Small in stature, big in ambition, quietly-spoken and yet ready to make a noise, short-track speed skater Kathryn Thomson is a woman of contrasts in a sport of extremes.
The 22-year-old is happy to fly under the radar with all the focus at these Games on fellow Scot Elise Christie, the triple world champion with a point to prove. Christie made her debut in Vancouver eight years ago aged 19. Now she is a confident performer on and off the ice.
Charlotte Gilmartin, who completes the three-strong British women’s team, is another medal contender who speaks as quick as she skates
and then there is Thomson, happy to play the supporting role. For now.
“I’m here to learn everything I can, so in four years’ time I can come back and put down solid results,” she said. “It’s about soaking up all the experiences I can and feeling comfortable with being an Olympian. I’m not putting myself under too much pressure right now, that time will come but now it’s about having fun.”
Thomson is no stranger to the Olympic environment. As a 17-year-old she won silver at the European Youth Olympic Festival and was selected to carry Team GB’s flag in the closing ceremony. But that event, in the Romanian city of Brasov, is hardly comparable to the surroundings she woke up to today in PyeongChang’s athletes’ village.
First on ice training session at the Gangneung Ice Arena for GB Short Track #WeAreTheGreat pic.twitter.com/JzZWNzOKZj
— GB Short Track (@GB_ShortTrack) February 2, 2018
However, taking herself outside her comfort zone has been a big part of Thomson’s transition from talented junior, although she admitted struggling with homesickness when she left Scotland aged just 16 to relocate to Nottingham and train with the national team.
But it is a move that paid dividends, as she fine-honed her racing skills and tactics, learning the tricks of a trade in which sharp elbows are a pre-requisite. Now, Thomson, determined and diminutive in equal measure, is a star on the rise.
Short track is a sport where anything can, and usually does, happen. Skaters reach speeds of 30mph and become human dodgem cars as they career around a tiny track in seemingly ever decreasing circles.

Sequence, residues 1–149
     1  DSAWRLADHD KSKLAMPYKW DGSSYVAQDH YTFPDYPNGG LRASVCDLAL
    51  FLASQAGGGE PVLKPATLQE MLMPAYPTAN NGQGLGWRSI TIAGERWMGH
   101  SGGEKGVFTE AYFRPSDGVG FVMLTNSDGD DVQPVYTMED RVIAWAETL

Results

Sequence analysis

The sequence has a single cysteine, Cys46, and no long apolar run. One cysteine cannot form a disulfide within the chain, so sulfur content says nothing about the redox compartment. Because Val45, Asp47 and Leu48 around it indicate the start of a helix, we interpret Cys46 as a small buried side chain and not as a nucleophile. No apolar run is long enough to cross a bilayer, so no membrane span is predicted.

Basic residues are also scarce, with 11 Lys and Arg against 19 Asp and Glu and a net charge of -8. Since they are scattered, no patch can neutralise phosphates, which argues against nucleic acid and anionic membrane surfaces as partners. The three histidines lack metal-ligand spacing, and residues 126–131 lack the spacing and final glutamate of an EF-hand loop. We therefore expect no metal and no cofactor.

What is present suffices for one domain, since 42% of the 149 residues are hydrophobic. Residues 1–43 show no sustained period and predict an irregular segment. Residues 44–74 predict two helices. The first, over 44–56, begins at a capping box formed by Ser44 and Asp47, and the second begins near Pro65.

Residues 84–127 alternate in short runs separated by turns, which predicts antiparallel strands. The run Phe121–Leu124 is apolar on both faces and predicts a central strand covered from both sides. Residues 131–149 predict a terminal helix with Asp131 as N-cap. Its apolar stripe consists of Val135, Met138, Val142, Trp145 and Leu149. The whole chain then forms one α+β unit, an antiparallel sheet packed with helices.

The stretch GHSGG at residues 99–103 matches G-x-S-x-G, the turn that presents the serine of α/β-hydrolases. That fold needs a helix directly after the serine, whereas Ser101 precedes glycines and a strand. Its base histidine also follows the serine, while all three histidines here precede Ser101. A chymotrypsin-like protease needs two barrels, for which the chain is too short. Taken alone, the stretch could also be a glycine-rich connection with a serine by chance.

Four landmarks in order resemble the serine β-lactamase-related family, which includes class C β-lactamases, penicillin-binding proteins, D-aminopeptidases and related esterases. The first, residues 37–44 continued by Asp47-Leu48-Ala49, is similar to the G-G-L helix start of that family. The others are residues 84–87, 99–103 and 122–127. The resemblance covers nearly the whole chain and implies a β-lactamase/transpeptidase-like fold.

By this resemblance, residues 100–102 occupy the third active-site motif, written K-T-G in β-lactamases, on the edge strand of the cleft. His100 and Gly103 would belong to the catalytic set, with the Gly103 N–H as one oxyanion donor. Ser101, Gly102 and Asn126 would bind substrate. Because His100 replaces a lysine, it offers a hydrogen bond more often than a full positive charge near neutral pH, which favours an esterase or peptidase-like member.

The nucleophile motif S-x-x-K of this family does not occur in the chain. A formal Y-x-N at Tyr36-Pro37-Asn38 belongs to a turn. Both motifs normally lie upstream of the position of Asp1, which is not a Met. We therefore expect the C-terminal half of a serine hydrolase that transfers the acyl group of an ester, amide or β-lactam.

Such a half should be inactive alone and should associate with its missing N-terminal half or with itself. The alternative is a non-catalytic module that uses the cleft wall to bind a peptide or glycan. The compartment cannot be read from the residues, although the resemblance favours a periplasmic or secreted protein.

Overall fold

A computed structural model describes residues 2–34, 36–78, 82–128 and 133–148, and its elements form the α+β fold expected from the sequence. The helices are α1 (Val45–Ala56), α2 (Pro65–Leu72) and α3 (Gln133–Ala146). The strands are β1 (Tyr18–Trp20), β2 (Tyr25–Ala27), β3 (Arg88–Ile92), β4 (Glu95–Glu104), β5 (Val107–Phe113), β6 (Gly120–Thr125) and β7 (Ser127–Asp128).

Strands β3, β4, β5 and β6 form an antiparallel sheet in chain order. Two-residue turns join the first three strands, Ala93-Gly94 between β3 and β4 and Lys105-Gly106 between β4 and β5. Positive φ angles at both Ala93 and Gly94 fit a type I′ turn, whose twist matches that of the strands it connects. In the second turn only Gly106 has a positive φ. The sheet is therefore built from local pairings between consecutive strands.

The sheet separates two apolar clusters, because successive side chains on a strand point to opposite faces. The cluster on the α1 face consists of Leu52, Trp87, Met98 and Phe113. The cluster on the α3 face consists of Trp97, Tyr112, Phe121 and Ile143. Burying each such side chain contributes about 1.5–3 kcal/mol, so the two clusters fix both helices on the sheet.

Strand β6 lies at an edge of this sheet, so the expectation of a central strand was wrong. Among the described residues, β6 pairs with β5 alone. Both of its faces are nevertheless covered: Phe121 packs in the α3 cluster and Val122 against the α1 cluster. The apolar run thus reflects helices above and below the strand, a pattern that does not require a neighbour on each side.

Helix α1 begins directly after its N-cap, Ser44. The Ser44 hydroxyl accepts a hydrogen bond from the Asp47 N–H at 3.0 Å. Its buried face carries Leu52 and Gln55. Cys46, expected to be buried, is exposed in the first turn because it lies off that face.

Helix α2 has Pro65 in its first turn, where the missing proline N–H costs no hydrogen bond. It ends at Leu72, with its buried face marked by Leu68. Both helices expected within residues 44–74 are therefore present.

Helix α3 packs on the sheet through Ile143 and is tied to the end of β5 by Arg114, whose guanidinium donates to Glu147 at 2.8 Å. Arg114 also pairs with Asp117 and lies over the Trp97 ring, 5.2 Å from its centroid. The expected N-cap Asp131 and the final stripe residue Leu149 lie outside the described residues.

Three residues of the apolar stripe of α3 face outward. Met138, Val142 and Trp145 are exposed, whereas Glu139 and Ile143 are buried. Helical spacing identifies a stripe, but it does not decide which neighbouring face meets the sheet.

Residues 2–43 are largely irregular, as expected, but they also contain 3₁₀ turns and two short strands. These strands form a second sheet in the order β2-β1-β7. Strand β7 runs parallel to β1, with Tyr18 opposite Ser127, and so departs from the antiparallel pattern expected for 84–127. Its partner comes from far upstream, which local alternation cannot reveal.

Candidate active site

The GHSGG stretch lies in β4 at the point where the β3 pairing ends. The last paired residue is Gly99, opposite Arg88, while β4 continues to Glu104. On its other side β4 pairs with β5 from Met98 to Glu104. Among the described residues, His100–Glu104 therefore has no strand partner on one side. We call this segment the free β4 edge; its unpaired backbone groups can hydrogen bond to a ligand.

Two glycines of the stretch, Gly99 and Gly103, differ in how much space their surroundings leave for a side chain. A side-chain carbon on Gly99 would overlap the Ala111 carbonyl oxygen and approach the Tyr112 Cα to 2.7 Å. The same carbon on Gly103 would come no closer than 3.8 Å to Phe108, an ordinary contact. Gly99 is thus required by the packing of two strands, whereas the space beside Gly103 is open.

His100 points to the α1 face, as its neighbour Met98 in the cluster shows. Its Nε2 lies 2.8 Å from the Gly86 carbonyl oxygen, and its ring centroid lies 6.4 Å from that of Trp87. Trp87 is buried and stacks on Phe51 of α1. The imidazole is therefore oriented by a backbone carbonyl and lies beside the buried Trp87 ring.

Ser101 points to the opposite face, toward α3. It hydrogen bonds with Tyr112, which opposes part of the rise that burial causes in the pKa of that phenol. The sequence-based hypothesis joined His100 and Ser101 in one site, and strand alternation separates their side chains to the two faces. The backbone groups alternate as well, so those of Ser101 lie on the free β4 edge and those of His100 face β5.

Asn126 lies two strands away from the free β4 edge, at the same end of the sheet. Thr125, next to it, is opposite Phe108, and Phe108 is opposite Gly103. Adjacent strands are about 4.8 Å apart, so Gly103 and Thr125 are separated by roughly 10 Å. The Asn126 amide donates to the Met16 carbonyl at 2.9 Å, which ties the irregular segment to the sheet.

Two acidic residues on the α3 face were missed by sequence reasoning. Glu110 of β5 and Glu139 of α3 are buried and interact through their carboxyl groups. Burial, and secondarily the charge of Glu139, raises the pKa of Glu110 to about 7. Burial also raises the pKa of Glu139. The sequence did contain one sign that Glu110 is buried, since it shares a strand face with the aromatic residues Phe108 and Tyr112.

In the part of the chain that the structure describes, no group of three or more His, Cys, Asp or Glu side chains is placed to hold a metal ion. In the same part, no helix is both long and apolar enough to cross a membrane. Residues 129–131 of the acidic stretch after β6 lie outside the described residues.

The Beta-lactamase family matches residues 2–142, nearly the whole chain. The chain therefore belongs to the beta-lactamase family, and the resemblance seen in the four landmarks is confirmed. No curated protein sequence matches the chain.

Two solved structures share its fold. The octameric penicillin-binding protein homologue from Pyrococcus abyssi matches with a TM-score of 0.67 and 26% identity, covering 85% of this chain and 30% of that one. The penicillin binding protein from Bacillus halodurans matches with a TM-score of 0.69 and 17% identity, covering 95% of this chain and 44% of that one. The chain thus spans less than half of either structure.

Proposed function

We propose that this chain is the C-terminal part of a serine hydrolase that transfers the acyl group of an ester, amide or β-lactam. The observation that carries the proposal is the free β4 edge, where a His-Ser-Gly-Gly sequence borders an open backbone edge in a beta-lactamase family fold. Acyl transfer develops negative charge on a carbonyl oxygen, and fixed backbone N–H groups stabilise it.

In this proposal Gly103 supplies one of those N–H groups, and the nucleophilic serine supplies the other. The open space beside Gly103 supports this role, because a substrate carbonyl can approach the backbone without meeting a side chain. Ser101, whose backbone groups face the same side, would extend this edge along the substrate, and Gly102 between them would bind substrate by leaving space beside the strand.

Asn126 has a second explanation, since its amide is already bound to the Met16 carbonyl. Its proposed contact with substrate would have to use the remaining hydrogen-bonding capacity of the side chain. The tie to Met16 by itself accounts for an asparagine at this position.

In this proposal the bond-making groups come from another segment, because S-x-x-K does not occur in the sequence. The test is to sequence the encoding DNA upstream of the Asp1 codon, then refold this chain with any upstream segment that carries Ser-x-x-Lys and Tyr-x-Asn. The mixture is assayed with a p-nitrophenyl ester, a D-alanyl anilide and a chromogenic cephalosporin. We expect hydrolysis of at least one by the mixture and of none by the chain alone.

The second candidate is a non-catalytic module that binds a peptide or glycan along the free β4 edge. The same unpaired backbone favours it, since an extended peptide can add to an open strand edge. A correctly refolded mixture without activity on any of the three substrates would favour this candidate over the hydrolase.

“When I came down that was when Elise was starting to be quite successful but I didn’t consciously make the same decisions that she has,” added Thomson, who competes in the 500m, 1000m and 1500m and begins her campaign on Saturday.
“When I first moved down from Scotland I really struggled, it was quite daunting being in a big city and being quite young. I really wanted to stay in school and get my highers but it seemed like a once in a lifetime opportunity, which I had to grasp and see where it might take me.”
Thomson is keen to play down the quirk of geography that ties her career to Christie and be judged in her own right, with the next Games in Beijing the chance to prove her podium potential. However, watching the world champion in the days ahead will be invaluable.
“How she trains every day shows you the benchmark of the best in the world. That’s really inspirational,” added Thomson.
The sports keep coming with another going under the spotlight! 💡
— Team GB (@TeamGB) February 2, 2018
Here's all you need to know about short track speed skating 👇 #WeAreTheGreathttps://t.co/sW5b7qbfoT pic.twitter.com/Aavw1e7Lqu
Meanwhile, Christie admits she could not be feeling better about her form.
“I’m skating the best I’ve skated this season. I’m feeling good in all three distances,” she said. “But for me, the 500m and 1000m are the big medal focus, and I’ll go out and enjoy the 1500m and do my best.
“We’ve been training on the ice and getting used to it. It’s our second visit as we were here before for a World Cup event. The ice is pretty fast, so there could be some world records being broken in the next few weeks. Everyone is so supportive and animated here which makes racing fun and I’m excited to be getting out there again.”